Medicare’s 14-day rule is hurting cancer patients


It is no secret that we are making great strides in reducing the mortality of lung cancer. From improving screening rates which have reduced the chances of dying from lung cancer due to earlier detection, increased adoption of minimally invasive surgical techniques, and exciting new drugs that have been shown to improve survival even in metastatic disease, there is reason to be hopeful in what has usually been a devastating and fatal diagnosis. These newer drugs, such as immunotherapies and kinase inhibitors, typically require advanced molecular testing to help find the right drugs for a patient’s unique cancer, like finding the right key for a lock. Despite their proven efficacy, however, getting Medicare and other payors to pay for this molecular testing has proven to be an opaque process not well-understood by physicians. To mangle a quote from Alexandre Dumas, Medicare fraud, like treason, is a matter of dates.

The 14-day rule is designed to prevent laboratories from billing Medicare for tests performed on specimens if a physician ordered the test within 14 days of the patient’s inpatient discharge. At the time of its enactment, one could see the logic, as it was designed to reduce costs by bundling inpatient-related charges to inpatient-related payments. Times change, however, and with the widespread adoption of molecular testing, we are now in a place where we collect specimens as an inpatient that will then need to be analyzed to direct long-term outpatient treatment, and as with all things, the question becomes, “Who will pay for it?” To use my own clinical experience as an example, if I resect a lung cancer that might meet the criteria for additional treatment with one of these newer drugs, I have to wait 14 days until after the date of discharge (not the date of surgery) before I can send molecular testing to help guide the patient’s additional systemic therapy. If I order it before those 14 days have passed, and the laboratory attempts to bill Medicare for performing that test, that laboratory has committed Medicare fraud. This is an illogical and archaic rule, but it has not stopped the Department of Justice from aggressively pursuing laboratories that violate this law.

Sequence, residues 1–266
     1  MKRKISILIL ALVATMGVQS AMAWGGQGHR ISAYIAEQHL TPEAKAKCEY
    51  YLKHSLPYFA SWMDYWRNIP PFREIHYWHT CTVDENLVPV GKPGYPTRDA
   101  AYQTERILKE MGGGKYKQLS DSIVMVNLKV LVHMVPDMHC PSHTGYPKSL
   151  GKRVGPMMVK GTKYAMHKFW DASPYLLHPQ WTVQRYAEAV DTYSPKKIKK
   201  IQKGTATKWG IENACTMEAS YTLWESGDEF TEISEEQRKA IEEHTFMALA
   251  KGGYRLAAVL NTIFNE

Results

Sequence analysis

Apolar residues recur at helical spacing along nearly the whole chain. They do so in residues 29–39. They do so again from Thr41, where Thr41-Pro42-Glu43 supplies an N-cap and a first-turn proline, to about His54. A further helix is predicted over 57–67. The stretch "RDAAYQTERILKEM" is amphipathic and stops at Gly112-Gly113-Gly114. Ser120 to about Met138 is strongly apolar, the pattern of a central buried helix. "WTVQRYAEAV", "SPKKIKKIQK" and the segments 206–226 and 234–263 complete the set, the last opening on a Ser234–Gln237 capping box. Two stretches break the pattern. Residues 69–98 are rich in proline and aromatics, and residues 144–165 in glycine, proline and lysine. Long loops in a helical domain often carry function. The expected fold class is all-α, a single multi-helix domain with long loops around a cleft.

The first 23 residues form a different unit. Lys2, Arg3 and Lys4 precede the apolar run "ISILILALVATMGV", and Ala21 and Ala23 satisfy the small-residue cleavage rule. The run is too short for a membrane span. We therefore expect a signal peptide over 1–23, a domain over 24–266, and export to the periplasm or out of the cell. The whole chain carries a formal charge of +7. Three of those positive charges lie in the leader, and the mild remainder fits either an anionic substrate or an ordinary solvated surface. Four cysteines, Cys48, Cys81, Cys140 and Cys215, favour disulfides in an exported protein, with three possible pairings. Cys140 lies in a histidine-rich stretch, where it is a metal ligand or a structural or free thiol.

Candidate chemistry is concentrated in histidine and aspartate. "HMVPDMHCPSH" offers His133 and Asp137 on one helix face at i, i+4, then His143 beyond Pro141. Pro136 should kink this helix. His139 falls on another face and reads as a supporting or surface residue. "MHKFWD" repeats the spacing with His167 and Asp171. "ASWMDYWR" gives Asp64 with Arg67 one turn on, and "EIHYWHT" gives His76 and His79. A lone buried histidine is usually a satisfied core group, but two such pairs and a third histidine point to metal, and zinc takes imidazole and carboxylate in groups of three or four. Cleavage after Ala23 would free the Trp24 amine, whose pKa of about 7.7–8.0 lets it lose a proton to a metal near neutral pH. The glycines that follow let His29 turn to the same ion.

To Medicare’s credit, the rule was even worse up until 2018, when they made an update. Previously, the 14-day rule applied to both inpatient and outpatient testing, meaning that previously, if someone had an outpatient biopsy and was discharged the same day, the person ordering the molecular testing still had to wait 14 days before they could order it. That rule was modified in 2018 so that it no longer applied to outpatient procedures meeting specific criteria but only to inpatient. For patients who need additional treatment, however, this unnecessary 14-day wait frequently leads to additional delays as it is usually up to the medical oncologists to order in their follow-up visits, frequently delaying ordering, delivery of results, and ultimately treatment. In a survey published in 2022 of ASCO members regarding their own reasons for not ordering molecular testing for advanced lung cancer patients, more than half cited their own concerns about delaying treatment as a reason for not ordering molecular testing. My current institution has developed legally compliant pathways that meet these requirements while minimizing delays for appropriate patients, but only through significant work.

Although my experience is primarily in the lung cancer space, molecular testing has a role in most types of cancer by this point, but illogical rules hidden behind layers of red tape keep most physicians from understanding the specific obstacles that their patients face to treatment. Medicare needs to create an exception to the 14-day rule for molecular testing for cancer to minimize physician administrative burden and help patients get the treatment they need faster. The era of personalized medicine is finally upon us, now we just need to Medicare to catch up.

Sean Jordan is a thoracic surgeon.


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